Canada might be “150 years young”, according to one keynote speaker at the Canadian Corporate Innovation Summit in Toronto earlier this month, but it has a wise head on its young shoulders judging by the succession of speakers under Chatham House rules exhorting its businesses to avoid complacency and invest more in innovation.
Two of these speakers, David Johnston, Canada’s governor general, and Tom Jenkins, founder and chairman of the country’s largest software company, OpenText, were promoting their book – Ingenious – which covered some of the inventions made by its people before and after its foundation in 1867.
The book ascribed the word invention to the Latin invenire, meaning coming in or arriving at, and really being the act of finding out, of discovering, whether accidentally or as a result of search and effort.
The book said this was why the term innovation was so helpful. “To innovate (from innovare, meaning renew or alter) implies a deliberate change in the nature or fashion of something, precisely to make it more useful to more people.”
So while Canadians’ discovery of insulin or stem cells might be invention, the creation of the foghorn or canola oil was innovation by building or creating something out of existing or understood component parts.
Canola oil was also an example of “just in time” innovation, one speaker said. The country responded to declining demand for its traditional demand as a lubricant in steam engines after the mid-20th century by turning to researchers for modifications and new uses. Now, canola oil from rape seed plants is a C$26bn ($19.3bn) export crop as a food “and tastes delicious”, another speaker added to laughter from the audience.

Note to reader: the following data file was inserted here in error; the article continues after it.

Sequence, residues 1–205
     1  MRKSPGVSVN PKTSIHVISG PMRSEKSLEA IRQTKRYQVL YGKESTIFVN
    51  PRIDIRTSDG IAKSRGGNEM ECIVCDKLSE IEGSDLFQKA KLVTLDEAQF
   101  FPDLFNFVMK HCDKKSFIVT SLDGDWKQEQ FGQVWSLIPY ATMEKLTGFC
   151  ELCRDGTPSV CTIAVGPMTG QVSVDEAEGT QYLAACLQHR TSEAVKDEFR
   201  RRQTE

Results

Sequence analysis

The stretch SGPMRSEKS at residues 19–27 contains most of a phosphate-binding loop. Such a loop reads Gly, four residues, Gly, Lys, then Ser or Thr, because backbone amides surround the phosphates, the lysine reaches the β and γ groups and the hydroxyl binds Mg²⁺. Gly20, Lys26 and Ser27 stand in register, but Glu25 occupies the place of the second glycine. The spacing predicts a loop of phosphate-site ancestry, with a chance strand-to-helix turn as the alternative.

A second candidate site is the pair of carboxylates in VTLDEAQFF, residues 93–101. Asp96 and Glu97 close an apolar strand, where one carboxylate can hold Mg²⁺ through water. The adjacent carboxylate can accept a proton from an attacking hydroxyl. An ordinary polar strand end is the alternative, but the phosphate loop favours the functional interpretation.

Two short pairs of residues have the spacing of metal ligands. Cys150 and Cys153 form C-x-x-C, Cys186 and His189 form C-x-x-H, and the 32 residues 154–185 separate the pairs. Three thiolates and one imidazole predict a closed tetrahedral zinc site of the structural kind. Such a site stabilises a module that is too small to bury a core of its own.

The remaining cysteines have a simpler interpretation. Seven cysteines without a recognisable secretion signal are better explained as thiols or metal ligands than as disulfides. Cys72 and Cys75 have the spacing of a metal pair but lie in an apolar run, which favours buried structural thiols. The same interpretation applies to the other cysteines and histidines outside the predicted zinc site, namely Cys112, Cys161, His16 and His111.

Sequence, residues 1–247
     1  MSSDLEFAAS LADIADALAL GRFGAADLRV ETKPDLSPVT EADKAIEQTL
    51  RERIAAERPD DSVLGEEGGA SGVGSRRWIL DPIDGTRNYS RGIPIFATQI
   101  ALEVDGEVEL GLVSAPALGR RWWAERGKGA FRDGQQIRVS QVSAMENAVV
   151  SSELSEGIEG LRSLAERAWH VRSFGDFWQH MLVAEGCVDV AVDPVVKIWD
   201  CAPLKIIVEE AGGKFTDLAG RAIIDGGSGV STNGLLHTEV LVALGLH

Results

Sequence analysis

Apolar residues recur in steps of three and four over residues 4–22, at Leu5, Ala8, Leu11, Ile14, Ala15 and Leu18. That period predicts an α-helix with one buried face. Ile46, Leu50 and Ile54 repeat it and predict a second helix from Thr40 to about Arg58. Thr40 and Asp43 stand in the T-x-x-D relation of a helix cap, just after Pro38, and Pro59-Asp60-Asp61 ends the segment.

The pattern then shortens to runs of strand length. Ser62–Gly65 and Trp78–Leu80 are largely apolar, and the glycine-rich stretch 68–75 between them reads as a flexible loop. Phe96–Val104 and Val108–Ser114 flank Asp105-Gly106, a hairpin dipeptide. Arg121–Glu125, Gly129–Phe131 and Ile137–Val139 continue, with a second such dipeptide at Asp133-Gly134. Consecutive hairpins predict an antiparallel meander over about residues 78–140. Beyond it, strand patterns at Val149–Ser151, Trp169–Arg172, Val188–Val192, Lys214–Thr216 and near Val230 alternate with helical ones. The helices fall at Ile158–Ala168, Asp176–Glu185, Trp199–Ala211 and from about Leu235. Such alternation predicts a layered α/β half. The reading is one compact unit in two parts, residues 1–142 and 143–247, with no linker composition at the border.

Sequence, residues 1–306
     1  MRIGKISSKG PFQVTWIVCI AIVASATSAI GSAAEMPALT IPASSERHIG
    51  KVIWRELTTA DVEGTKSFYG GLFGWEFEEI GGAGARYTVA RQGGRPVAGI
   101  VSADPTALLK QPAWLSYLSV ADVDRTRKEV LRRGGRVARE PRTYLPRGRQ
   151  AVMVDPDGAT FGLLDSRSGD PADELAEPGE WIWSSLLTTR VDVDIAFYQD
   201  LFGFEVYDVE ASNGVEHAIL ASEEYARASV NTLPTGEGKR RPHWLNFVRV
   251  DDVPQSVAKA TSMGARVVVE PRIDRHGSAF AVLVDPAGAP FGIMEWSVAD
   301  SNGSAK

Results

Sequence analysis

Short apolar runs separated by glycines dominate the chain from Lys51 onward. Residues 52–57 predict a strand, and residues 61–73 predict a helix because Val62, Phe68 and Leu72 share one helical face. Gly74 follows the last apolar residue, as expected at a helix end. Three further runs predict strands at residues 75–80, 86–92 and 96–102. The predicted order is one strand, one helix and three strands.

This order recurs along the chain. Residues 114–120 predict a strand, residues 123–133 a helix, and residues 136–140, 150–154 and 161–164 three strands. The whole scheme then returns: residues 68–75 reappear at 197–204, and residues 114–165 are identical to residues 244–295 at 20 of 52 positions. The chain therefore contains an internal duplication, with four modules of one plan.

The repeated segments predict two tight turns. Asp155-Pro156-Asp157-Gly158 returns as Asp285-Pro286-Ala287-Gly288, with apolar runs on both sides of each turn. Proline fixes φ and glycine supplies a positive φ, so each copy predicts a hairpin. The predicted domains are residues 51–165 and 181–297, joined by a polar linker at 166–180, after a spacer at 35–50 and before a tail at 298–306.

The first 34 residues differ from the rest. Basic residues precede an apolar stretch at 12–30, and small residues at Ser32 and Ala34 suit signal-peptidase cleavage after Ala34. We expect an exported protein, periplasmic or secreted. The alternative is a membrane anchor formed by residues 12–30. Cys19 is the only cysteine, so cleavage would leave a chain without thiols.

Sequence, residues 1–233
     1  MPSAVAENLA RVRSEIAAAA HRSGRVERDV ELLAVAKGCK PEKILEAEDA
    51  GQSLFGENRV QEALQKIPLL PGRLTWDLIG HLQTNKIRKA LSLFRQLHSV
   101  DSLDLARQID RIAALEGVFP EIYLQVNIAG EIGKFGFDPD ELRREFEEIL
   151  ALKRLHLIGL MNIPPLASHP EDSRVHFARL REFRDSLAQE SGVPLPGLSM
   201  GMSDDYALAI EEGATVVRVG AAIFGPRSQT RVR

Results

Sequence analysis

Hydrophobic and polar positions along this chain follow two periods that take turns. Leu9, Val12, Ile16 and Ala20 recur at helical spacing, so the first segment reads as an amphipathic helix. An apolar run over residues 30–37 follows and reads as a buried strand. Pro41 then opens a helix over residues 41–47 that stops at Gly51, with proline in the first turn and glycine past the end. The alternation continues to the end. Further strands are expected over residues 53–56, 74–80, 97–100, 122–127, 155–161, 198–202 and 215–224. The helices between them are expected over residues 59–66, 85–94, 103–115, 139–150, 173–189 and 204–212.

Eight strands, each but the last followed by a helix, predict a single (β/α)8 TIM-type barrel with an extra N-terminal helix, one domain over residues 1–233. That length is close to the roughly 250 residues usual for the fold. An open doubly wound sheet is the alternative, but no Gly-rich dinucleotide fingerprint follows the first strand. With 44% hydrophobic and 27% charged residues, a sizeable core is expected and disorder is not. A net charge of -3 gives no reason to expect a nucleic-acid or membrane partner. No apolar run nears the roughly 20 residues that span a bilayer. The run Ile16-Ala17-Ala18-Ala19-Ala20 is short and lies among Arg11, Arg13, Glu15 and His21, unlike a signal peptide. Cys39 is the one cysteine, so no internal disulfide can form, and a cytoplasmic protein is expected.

Johnston’s talk was a highlight of the conference. One American said on stage he now felt Canadian having met Johnston, and there was a feeling of confidence that the nation had found a way to lead a “good life” built on its abundant natural resources and people’s diversity and creativity.
Partly, Canadians’ feeling of self-confidence seems to have been encouraged by the shift of its larger neighbour, the US, towards populism and isolation by cutting immigration from certain places under President Donald Trump.
Described as a nationwide “experiment in diversity”, Canadians’ differences in a “small and caring country” permit things to be looked at from different angles.
A number of speakers referred to the difference in constitution between the US and Canada with the latter’s 1867 Act describing its founding principles of “peace, order and good government” – a collective proscription when compared with the US’s more individual “life, liberty and pursuit of happiness”.
The conference discussed how the country was trying to find a balance between risk aversion shaped by the extreme temperature differences between summer and winter and being more promotional about its abilities.
The tension shows up in a number of small ways. The Business Development Bank of Canada (BDC) used its hosting of the summit to launch a corporate innovation and venturing programme and separately announced the hire of Michelle Scarborough as managing director for strategic investments and its women in tech fund.
The fund had been signalled in November as a C$50m fund to support female entrepreneurs, but BDC admitted privately that the fund size was actually C$70m.
And with regards to the summit itself, BDC hosted what many of the delegation of international corporations brought by Global Corporate Venturing said was a world-class event with great speakers and active engagement by an audience eager to learn about cutting-edge innovation and corporate venturing strategies. BDC said it had set itself a “modest” goal for the summit – that two of these delegations would engage more with the Canadian ecosystem and that two local corporations would develop their innovation strategies.
Already, this objective has been half met. GE Canada, the local subsidiary of the US-listed industrial group, and the parent’s corporate venturing subisidary, GE Ventures, along with BDC Capital, the state-owned bank’s investment unit, and Ryerson Futures, which operates corporate accelerator programs, announced the ZSC Seed Accelerator Fund during the summit.